University of California, Davis - School of Law
Uyen P. Le
University of California, Davis -- School of Law
February 25, 2014
Iowa Law Review, 2014, Forthcoming
UC Davis Legal Studies Research Paper No. 351
Cyber-law is today’s speech law. When civic engagement is increasingly mediated online, the law regulating cyberspace becomes the law regulating speech. Yet, free speech texts pay little attention to the ways that cyber-law configures what has become the principal mechanism for exercising free speech rights today — communication online. Conversely, while many have long observed that the Internet enables speech, scholars have failed to recognize the role that the First Amendment played in shaping the law of cyberspace. A First Amendment-infused legal culture that prizes speech proved an ideal environment on which to build the speech platforms that make up Web 2.0. Free speech was Silicon Valley’s killer app.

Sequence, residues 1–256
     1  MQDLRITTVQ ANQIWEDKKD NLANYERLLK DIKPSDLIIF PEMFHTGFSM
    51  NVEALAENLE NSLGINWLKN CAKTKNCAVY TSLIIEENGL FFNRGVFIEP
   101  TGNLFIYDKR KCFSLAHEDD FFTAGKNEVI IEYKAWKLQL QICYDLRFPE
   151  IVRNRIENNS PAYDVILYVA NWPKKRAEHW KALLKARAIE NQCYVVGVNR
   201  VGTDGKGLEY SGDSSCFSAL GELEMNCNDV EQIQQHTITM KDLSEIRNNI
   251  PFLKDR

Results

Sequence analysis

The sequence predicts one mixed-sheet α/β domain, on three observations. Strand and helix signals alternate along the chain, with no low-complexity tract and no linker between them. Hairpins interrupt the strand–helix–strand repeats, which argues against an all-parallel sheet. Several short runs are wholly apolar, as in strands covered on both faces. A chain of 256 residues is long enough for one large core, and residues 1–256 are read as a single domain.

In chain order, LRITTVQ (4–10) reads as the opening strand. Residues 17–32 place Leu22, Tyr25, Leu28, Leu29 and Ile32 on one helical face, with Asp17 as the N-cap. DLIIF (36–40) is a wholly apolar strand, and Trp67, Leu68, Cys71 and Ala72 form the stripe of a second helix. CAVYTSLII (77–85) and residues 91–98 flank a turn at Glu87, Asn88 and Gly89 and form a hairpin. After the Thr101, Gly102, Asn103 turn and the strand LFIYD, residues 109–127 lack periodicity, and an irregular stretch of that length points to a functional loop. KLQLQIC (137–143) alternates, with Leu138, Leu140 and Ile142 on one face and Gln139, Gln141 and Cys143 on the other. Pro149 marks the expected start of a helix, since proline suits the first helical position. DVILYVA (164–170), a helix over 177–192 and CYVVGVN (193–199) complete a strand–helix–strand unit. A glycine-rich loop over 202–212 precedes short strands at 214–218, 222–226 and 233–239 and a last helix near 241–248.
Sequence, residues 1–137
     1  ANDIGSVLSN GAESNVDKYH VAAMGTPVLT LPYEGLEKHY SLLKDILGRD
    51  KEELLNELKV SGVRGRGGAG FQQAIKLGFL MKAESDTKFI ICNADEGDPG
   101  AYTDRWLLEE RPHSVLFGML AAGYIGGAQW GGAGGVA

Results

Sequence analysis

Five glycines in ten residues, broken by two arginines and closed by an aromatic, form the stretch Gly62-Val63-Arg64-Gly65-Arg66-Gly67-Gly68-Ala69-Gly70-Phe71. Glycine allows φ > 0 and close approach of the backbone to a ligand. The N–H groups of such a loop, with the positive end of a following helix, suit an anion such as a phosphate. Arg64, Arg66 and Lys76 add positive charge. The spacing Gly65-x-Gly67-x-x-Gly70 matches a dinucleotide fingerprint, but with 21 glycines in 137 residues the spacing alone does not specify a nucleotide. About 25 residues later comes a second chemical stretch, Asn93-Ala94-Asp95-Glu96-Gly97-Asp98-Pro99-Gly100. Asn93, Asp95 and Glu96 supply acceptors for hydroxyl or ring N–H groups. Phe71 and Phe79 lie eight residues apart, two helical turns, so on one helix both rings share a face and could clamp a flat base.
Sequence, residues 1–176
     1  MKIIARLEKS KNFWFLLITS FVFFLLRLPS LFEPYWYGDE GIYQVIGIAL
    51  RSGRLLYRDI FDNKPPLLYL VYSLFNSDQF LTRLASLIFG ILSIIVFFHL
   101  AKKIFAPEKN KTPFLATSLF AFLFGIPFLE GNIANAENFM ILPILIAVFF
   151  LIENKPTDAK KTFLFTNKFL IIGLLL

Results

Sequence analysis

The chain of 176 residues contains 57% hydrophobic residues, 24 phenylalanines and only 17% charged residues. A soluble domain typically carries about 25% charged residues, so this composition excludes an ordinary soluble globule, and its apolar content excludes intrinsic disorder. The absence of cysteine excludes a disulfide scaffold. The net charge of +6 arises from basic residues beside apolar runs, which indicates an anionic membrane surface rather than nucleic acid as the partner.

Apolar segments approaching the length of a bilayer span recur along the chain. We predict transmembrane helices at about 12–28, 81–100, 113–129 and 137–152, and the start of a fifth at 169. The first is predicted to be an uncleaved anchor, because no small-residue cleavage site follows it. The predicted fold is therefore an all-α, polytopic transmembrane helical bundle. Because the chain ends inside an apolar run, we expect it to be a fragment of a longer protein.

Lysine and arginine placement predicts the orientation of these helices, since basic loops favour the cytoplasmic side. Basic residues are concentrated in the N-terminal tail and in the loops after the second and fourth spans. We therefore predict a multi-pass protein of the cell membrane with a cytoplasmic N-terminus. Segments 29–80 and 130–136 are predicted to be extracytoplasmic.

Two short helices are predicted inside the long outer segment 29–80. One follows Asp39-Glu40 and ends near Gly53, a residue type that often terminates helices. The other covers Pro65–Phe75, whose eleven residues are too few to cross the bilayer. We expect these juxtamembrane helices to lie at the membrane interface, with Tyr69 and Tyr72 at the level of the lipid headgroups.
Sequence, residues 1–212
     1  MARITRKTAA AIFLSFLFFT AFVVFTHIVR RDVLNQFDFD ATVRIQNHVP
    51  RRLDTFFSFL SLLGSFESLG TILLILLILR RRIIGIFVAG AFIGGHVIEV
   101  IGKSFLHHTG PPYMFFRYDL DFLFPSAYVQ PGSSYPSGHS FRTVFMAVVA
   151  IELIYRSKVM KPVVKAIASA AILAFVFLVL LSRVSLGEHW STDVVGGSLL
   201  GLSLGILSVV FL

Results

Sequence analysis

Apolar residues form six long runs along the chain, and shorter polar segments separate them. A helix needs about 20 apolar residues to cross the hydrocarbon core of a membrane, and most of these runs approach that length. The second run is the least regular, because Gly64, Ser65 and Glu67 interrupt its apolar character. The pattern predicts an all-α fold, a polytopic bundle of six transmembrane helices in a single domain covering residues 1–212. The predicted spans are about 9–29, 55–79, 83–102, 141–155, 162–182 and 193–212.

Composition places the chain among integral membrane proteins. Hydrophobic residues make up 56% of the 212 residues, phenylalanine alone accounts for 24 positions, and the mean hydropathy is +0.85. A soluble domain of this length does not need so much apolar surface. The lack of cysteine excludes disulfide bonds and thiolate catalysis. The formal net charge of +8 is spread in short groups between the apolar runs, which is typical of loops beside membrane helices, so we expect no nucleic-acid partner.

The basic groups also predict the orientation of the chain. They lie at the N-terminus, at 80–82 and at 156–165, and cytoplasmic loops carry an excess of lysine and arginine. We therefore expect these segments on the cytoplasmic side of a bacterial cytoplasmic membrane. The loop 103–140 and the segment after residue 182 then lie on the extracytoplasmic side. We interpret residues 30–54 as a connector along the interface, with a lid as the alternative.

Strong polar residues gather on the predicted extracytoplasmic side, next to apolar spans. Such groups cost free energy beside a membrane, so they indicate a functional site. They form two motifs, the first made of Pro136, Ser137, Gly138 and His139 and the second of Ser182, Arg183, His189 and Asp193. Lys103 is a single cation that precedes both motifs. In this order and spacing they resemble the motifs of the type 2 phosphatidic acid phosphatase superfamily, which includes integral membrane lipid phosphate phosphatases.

Today’s speech law is being made in the major cyber-law disputes of the day. From the Stop Online Piracy Act, criminal copyright enforcement, and a plurilateral free trade treaty, to United Nations control of the Internet, the European Union’s proposed right to be forgotten, and the revelations of pervasive NSA surveillance, cyber-law controversies show that we are still seeking to translate free speech values into the Information Age. How we approach these disputes will determine the extent of government censorship, private third-party censorship and self-censorship. This article offers a framework for resolving cyber-law disputes, duly attendant to their speech implications.
Number of Pages in PDF File: 52
Keywords: First Amendment, freedom of speech, freedom of expression, surveillance, privacy, Web 3.0, Stop Online Piracy Act, Trans-Pacific Partnership, cyber-law, Internetworking papers series
Date posted: September 4, 2013 ; Last revised: April 8, 2014
© 2014 Social Science Electronic Publishing, Inc. All Rights Reserved.
This page was processed by apollo6 in 0.407 seconds